writer, photographer, musician), and a host

of other possibilities.

The conception and birth of a micro-enterprise

can start with four one-word questions: who, what,

where, and how (not necessarily in that order).

Whatever direction you go, for an aspiring

entrepreneur (with or without disabilities),

you need more than a wing and a prayer. The

following article, written several years ago by

Milestones Magazine publisher Susie Redfern,

provides some tips and resources.


What do I plan to do or make, produce, distribute,

and sell? Some people base a business on a talent or

skill for which they have an interest, maybe even a

passion, such as painting. Others design or invent a

product that solves a problem affecting them or

The Birth, Care, Feeding, and

Maintenance of a Micro-enterprise

Entrepreneurship (as in owning/operating a

business) is a milestone/goal to which some aspire,

and one to which some people with disabilities

regard as preferable. Its potential for income

coming from something you like to do and are

good at without having to be hired and fit into an

established workplace can be attractive.

a family member; such as an easy-fastening

mechanism for people who have arthritis. Still

others base a business on a service that businesses

and individuals need: lawns have to be cut, papers

shredded, attics cleaned, and so on. And some

people and businesses don’t have the time, ability,

or desire to do these things themselves, so they’re

willing to “outsource” them (which is where you

come in).

As the parent of a child with a disability, this option,

suggested for my son from school district transition

personnel, basically amounts to “go forth and

micro-enterprise”. Though I know it’s probably

grammatically (though perhaps not politically)

incorrect to use micro-enterprise as a verb, this may

not be such bad advice, especially for the more


To whom do you plan to sell your product/service.

Some, by their very nature, are local, so potential

customers or clients are folks in your neck of the

woods. Lawns cannot be exported to China. Others,

with the help of computers and the internet, can be

regional, national, or even global in scope.

entrepreneurially minded among us. However, the



Where will the product be displayed or sold?

Artistic work typically shows up at art galleries,

“flea market” type events and websites such as

Etsy. Writers can blog. Clothing products can be

sold at retail stores (usually distributed through

a wholesaler).

Life’s Plan Inc. Pooled Trust Services,


Life’s Plan Inc. Pooled Trust Services periodically

offers Micro-industry grants of up to $2,000 for

adults with disabilities or mental illness who meet

Social Security’s disability eligibility criteria under

Social Security’s Supplemental Security Income

program. This is a one-time award for individuals


How will the product be displayed or sold? This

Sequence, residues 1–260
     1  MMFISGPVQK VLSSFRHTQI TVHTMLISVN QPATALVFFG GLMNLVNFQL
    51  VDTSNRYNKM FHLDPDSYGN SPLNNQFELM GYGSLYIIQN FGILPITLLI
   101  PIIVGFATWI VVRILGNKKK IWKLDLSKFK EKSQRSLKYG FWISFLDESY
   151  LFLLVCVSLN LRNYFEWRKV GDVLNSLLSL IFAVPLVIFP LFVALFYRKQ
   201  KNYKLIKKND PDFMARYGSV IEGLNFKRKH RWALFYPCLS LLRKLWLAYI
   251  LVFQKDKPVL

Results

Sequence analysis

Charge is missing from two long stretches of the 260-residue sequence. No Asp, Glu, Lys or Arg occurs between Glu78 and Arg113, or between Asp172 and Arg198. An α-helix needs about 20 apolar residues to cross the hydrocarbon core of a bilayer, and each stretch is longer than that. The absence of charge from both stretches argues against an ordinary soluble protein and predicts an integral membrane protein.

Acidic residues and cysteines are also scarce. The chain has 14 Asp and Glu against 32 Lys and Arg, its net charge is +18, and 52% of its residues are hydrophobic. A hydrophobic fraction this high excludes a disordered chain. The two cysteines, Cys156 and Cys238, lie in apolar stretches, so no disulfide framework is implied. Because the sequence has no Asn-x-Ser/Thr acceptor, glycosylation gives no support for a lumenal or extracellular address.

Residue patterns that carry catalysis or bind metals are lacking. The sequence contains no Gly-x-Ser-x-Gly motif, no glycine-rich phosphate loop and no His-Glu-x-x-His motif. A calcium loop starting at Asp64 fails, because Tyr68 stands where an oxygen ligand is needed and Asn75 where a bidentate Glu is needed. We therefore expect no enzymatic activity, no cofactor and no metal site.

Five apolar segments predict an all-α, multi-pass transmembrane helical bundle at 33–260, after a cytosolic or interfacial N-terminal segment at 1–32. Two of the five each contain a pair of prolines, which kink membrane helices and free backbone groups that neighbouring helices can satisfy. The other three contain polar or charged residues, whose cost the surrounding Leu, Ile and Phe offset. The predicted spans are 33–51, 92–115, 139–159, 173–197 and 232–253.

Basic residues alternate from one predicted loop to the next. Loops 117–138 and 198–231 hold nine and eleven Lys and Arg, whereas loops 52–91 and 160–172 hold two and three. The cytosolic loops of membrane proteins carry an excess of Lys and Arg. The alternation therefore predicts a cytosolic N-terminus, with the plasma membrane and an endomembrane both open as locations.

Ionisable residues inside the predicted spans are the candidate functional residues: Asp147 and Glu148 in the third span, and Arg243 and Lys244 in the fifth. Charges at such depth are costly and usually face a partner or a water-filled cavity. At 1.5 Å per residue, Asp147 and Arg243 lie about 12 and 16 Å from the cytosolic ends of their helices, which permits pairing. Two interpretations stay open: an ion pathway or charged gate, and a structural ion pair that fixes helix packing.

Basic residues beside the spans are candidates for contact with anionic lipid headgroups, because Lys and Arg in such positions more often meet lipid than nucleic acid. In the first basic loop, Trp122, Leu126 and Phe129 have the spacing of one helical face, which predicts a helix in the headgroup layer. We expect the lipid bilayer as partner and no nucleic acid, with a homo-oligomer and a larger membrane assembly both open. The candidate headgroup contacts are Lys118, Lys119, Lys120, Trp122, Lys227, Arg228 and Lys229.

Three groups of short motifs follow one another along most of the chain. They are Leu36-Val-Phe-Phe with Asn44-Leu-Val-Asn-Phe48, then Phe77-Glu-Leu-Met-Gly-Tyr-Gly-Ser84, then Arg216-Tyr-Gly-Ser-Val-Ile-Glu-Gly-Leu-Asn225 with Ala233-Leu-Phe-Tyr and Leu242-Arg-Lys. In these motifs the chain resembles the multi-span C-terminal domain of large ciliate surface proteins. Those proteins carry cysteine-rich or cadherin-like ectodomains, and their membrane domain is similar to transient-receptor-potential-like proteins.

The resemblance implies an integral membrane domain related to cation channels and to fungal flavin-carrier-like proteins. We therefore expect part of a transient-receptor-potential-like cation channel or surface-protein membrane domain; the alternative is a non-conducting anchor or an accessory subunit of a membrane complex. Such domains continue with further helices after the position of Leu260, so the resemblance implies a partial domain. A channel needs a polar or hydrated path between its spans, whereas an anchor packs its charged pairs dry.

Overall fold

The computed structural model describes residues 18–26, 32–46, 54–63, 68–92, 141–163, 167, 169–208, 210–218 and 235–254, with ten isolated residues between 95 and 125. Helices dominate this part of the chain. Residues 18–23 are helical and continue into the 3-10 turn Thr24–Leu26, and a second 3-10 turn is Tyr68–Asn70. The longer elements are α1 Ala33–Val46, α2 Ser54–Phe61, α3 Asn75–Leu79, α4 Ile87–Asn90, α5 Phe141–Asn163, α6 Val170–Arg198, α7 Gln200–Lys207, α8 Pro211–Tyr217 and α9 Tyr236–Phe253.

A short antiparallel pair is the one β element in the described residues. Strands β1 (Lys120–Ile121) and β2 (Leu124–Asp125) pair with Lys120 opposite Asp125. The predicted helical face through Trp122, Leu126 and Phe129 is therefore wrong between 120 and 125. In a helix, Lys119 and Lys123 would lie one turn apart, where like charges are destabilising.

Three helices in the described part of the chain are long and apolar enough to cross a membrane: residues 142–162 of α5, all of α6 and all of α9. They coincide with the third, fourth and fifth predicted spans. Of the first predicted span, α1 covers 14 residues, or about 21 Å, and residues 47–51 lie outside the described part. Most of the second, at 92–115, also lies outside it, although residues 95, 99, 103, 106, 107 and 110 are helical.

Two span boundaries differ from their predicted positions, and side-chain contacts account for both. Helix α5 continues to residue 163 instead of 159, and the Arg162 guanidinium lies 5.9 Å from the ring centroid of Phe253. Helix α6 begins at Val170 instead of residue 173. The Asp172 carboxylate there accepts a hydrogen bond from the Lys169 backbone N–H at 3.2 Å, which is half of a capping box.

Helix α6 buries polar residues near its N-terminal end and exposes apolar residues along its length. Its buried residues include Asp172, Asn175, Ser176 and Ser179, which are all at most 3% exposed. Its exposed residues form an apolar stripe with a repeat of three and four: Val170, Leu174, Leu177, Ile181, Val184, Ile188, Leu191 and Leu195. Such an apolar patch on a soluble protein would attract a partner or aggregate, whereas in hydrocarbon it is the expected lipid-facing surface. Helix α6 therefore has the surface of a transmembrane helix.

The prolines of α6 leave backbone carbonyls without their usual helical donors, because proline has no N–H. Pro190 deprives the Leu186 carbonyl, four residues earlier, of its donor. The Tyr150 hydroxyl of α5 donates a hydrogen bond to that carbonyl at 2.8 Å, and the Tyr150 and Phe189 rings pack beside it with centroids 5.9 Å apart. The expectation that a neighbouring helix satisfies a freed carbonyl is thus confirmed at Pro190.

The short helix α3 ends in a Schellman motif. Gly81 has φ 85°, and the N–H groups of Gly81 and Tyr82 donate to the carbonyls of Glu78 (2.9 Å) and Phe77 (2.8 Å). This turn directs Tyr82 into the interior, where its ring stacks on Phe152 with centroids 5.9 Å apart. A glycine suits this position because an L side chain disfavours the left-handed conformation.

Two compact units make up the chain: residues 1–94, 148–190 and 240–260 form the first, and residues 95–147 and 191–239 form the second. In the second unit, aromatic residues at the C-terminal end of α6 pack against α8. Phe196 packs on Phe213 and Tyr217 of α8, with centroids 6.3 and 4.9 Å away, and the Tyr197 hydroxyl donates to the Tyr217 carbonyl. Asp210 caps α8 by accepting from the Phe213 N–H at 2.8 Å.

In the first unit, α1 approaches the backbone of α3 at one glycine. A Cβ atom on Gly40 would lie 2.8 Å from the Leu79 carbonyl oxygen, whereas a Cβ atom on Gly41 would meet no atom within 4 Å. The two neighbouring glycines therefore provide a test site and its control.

question is similar to the where question, and can

often produce the same answer.

or partnerships (less than 4 people). Details about

proposal requirements can be found at Life’s Plan’s

website and questions/inquiries can be emailed to

Scott Nixon at lifesplangrants@raygraham.org.

As you may have realized by now, answers to these 4

questions often overlap, and collectively can provide

the underpinnings of a business plan. A business

plan, whether informal or professionally done, helps

you focus on the essentials of your business. It is

required if you will approach a traditional loan

source, such as a bank, for financing. And it may

be necessary for types of creative financing, such as

venture capital, whether from an established fund or

through crowd-funding.

Local (Chicago Area) Micro-Enterprise

The Perk Center Cafe is a not-for-profit business

enterprise created through Great Potentials, Inc.

and by four parents and one sibling of an individual

with intellectual/developmental disabilities. It is a

collaboration with the Glenview Park District, who

donates the space for the Cafe. The Perk Center

Cafe’s goals are four-fold: to provide employment,

volunteer, and vocational training opportunities to

individuals with developmental disabilities; to offer

good quality food to customers; to build positive

The following resources are both based in the

Chicago area. Life’s Plan Inc. Pooled Trust Services

can help with financing for individuals who meet

their criteria. Perk Center Café can serve as an

example or inspiration for folks looking to start

their own micro-enterprise.

relationships in the community; and to serve as

model to others who might wish to create businesses

for the purpose of employment of people with

disabilities. Feel free to visit the website:

perkcentercafe.org or contact Gail Metrick at

gmetrick@comcast.net. M





Finding/keeping a job, especially the first

job, can be difficult, even in the current job

market, where many more jobs are there

just for the asking. That old “Catch-22”,


“you can’t get experience without a job;